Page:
Social Media Won’t Solve All Your Problems

The world of sales and networking is changing, and a major part of it is happening via social media. I could say ‘internet’, but truth be told, the internet on its own really didn’t change much except to allow people the opportunity to have a presence online.

The Art of Social Media

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Blogging is part of social media, and it was one of the first mediums where creators learned that they could connect with a lot of people and make money at the same time. There are quite a few bloggers who became millionaires before the rest of us got into it.

Once the market became flooded, it was harder for many people to make any money of significance without a lot of work. It’s tough making a sustainable income via an individual personal blog these days because we’re all competing with a lot more players in the game. Yet, I know a few people who survive nicely because they know how to network with others in multiple social media arenas.

I’ve often said that everyone needs to be on social media to compete with their competitors in today’s world; I’m talking about offline businesses. I’ve also said that not every single social media site is for everybody. The truth is that, for all the benefits social media can afford you, it can also take it away. Thus, the dichotomy of social media.

I don’t remember all the details, but some years ago a major city police department put up a Facebook page and asked people to share stories of positive encounters with them. Instead, the site was inundated with tons of complaints, stories of brutality and opinions about corruption, and the page was eventually shut down. That turned out not to be wise either because people then turned to complain via local media, other Facebook pages and on Twitter.

The problem isn’t social media; it’s not knowing, or believing, what some people might be thinking and feeling about one’s business, and leaving oneself open for ridicule by saying something… well, stupid. lol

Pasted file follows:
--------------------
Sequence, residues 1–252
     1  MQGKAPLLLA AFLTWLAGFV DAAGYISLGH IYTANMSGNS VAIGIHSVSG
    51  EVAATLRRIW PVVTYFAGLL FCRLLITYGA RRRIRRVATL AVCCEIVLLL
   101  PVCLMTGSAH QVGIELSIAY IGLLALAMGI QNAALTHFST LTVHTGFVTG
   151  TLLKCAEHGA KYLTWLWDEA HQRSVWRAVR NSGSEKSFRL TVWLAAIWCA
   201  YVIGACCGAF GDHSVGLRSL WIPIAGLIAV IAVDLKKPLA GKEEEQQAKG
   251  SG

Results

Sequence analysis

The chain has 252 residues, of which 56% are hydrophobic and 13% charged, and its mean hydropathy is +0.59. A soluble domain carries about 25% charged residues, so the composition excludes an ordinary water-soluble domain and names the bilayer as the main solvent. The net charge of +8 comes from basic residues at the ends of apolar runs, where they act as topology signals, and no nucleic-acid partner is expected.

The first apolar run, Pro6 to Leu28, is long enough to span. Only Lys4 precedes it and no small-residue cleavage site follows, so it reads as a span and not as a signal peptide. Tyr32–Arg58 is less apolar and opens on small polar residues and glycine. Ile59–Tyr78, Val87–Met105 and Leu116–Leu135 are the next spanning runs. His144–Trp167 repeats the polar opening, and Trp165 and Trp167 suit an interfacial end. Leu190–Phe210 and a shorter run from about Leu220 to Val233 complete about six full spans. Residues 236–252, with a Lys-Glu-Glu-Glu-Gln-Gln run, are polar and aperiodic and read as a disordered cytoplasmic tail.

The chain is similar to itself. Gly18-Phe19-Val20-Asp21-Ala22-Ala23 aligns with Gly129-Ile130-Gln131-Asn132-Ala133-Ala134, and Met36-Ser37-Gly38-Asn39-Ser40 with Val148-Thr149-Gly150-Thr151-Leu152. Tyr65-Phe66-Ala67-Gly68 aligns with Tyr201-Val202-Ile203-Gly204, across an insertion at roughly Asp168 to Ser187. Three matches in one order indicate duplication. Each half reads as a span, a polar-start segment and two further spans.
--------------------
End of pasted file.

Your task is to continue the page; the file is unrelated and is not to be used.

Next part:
McDonald’s ran into the same problem when, while they were promoting their healthy menu of items (notice they don’t do that anymore?), they were outed for telling their own employees not to eat fast food because it wasn’t healthy and could make them fat. It never bodes well when honesty and dishonesty clash and it’s coming from the same source.

Luckily, most of us aren’t large enough to be victims of lots of people looking for us to hate us. That is, unless we say something really stupid and it becomes viral; I wouldn’t want to be a “Karen” or “Ken” in today’s world; I keep wondering how people keep forgetting that everything’s being recorded these days, and someone’s going to hunt you down, even if you’re not online.

Yet, if you’re a business, a great thing about social media is that if someone tries to make you look bad and they’re lying, you have the opportunity to respond in your own space. If they’re not lying… well, you have the option of apologizing, defending yourself or trying to ignore it. For instance, years ago on my local blog, I wrote a fairly scathing article about a local burger joint that got a lot of attention. Even his supporters couldn’t deny the images I shared weren’t real. His response to the head of our local chamber basically showed that in essence he didn’t care. Luckily for him, his business survived, but I’ve never gone back and never will.

In any case, I always recommend to businesses that they not only have an account on Twitter to track what it is they do, but to regularly search for their business name to see what people are saying about them. If the comments a re positive then remember to thank people. If they’re negative, try to address issues and correct them unless people are deliberately lying to hurt you. When that happens you have the right to defend yourself, while trying to find a way to do it so you don’t look like a whiner.

You can’t avoid social media because people can talk about you whether you’re on or not. What you can do is find ways to use it to your advantage, use it for your protection, use it to connect with an audience and use it to promote what you wish to offer to the masses.

Just like I’m promoting social media right now. 😉

3 thoughts on “Social Media Won’t Solve All Your Problems”

  1. Mitch,

    Social media platforms give F.E.A.R (False Evidence Appearing Real). The key is to be able to decipher the “real” from the “fake” and act accordingly. People can say negative things about you and vice versa but it’s up to you to be able to determine what world you want to live in in the social media spectrum. Good post!

    1. Great stuff Bev. Sometimes all it takes is figuring out what you’re emotionally attached to and react to quicker than anything else, stepping back and taking a breath and then going to a search engine looking for “real” confirmation. As for being attacked, luckily most of us don’t have a giant profile where we’ll get piled on by thousands of people if we slip up, but it helps to try not to do it in the first place.

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